sodium azide, 2.5% normal rabbit serum, pH 7.8. All reagents were added to 1.0- X 7.5-cm tubes in the following order: 1) buffer to make a total volume of 1.0 ml, 2) 100 Al of 0.1 M EDTA, pH 7.6, 3) 1.0 to 300 ,l of plasma to be assayed (or of "standard" hormone), 4) 100 Ml containing 0.05 to 0.15 mug of HLH-13I, and 5) 100 Ml of antisera suitably diluted, usually 1: 30,000 (final dilution, 1: 300,000). Complete standard dose-response curves were run in all assays, and for this purpose known amounts of HLH were added instead of the plasma. All tubes were incubated for 5 days at 4° C, at which time 150 Ml of the second antibody was added to each tube and the mixture incubated 24 hours longer at 4° C to achieve separation of antibody-bound from free HLH-'I, according to the method of Feinberg (9) as modified by Morgan, Sorenson, and Lazarow (10). Tubes were then centrifuged at 500 g and the supernatant was removed by suction. Radioactivity was quantitated in an automatic gamma spectrometer,6 and all results were expressed as per cent of counts precipitated. Zero per cent was defined as no HLH-'I bound to antibody. Two to 5% of HLH-'I was trapped in the precipitate nonspecifically, the value of these counts being obtained by quantitating precipitated counts in tubes containing no antibody. These counts could be removed by washing the precipitate, but this did not contribute significantly to precision of the assay, and this step was therefore omitted. The counter was then set so that these counts were automatically subtracted (as background). One hundred per cent was defined as the number of counts precipitated in tubes containing HLH-'31I and antibody, but no unknown or standard LH. All tubes were counted for the time required for the "100%o tubes" to register 10,000 counts. Thus any tubes with unlabeled HLH present had HLH-'31I "displaced" from antibody, and the result was less than 10,000 counts precipitated. In this manner all results were expressed in relation to 10,000 counts and by shifting the decimal two places to the left were expressed as per cent. This procedure greatly simplified data processing. Bioassay. Several samples were simultaneously bioassayed and immunoassayed in terms of the same human standard. Bioassays for HLH were done by means of the ventral prostate weight in hypophysectomized immature male rats (11). It is important to note that a human LH standard is required for the purposes of radioimmunoassay because LH of other species reacts poorly or not at all in the assay. Pergonal 1958 7 was adopted as our laboratory standard for both bioassays and immunoassays. After repeated potency estimates in the radioimmunoassay 1 Mg of this laboratory standard was defined as equivalent to 2 m/g of purified HLH and as equivalent to 0.016 IU 8 of LH.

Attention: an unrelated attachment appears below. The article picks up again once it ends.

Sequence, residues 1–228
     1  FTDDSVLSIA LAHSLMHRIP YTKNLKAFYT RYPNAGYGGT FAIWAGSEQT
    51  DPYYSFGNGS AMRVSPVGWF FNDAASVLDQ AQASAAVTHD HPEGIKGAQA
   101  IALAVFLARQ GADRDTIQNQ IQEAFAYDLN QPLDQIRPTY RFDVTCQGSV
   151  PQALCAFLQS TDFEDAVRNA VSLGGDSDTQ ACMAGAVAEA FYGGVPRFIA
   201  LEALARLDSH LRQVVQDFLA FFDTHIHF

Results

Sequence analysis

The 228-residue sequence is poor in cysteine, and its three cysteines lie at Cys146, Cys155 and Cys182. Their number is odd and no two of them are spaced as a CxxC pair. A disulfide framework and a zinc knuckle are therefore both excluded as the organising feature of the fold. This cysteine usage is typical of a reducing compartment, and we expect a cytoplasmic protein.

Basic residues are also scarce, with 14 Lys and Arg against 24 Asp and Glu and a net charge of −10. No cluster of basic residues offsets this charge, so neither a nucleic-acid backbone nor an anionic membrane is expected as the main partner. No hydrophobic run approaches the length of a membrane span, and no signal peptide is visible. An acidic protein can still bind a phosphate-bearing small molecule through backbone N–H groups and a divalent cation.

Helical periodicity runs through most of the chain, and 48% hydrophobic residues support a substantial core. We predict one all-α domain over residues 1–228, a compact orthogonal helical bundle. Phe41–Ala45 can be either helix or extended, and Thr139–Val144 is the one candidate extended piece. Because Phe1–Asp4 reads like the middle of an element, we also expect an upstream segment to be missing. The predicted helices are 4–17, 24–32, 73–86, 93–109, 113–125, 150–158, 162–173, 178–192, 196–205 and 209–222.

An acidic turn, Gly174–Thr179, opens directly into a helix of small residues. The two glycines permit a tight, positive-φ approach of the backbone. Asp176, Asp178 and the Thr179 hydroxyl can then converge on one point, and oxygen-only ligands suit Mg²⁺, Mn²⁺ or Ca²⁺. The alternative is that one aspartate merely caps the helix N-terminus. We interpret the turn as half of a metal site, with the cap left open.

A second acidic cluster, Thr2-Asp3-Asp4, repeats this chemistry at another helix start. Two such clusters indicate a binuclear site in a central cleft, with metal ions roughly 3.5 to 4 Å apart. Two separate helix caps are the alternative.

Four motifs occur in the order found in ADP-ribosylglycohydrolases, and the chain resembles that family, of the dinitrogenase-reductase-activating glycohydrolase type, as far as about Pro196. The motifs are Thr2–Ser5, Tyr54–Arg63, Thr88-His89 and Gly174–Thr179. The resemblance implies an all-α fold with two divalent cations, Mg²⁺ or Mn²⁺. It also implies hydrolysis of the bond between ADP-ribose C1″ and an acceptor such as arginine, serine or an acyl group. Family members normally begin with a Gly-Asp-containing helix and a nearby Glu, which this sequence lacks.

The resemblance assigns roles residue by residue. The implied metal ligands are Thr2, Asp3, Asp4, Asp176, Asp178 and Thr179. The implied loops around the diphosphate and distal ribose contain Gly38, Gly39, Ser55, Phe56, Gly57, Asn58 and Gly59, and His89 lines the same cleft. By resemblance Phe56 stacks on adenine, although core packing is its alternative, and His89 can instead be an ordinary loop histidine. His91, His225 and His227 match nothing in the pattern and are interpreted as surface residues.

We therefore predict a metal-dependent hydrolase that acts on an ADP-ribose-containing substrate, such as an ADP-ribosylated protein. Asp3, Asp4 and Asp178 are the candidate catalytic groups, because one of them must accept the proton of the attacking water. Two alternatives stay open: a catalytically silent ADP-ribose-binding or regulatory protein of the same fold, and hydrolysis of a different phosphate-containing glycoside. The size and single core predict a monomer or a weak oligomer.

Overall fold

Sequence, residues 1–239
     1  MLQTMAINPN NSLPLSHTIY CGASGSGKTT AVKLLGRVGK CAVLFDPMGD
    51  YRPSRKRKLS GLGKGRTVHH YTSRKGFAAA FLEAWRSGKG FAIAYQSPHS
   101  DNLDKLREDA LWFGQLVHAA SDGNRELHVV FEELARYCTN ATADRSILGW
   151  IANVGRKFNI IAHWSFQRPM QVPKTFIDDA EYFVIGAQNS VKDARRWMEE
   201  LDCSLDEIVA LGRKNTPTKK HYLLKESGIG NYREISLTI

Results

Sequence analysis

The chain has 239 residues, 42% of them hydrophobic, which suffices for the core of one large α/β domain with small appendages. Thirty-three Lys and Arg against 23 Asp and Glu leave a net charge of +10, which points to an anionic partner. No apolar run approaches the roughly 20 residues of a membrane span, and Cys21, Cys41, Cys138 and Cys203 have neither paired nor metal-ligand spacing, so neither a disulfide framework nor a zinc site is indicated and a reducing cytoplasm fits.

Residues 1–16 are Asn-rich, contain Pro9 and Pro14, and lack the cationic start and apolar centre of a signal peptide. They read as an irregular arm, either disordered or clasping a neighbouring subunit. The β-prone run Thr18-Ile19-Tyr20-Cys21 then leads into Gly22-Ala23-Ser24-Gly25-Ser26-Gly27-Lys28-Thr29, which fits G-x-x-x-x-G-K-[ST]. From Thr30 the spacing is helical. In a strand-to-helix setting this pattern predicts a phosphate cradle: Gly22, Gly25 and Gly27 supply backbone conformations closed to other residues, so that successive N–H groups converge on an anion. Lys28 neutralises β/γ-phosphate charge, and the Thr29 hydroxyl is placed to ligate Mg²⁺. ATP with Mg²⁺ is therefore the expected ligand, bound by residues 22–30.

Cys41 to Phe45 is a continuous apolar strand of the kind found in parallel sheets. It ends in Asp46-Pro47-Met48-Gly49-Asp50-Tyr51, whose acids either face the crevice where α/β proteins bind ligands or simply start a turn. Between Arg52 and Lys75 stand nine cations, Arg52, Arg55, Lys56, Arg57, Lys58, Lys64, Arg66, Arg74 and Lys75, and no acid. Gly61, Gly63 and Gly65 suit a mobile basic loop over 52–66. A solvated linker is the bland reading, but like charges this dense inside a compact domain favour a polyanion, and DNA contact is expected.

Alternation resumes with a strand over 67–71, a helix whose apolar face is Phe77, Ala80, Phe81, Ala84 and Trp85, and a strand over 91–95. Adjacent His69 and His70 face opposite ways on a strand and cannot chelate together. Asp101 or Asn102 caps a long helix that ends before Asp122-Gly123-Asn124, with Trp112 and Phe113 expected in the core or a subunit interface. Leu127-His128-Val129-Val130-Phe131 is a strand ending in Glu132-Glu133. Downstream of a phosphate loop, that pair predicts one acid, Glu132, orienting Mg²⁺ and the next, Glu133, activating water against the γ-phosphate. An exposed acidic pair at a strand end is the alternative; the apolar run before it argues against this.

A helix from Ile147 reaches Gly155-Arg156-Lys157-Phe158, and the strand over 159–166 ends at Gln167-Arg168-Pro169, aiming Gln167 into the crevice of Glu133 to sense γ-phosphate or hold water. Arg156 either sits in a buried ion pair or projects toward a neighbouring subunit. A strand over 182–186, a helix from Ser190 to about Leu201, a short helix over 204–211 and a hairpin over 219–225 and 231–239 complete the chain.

Picker X-Ray Corp., White Plains, N. Y. Purchased from Instituto Farmacologico, Serono, Rome, Italy. 8 In terms of international units of the 2nd IRP HMG. 6
W. D. ODELL, G. T. ROSS, AND P. L. RAYFORD RADIOIMMUNOASSAY HLH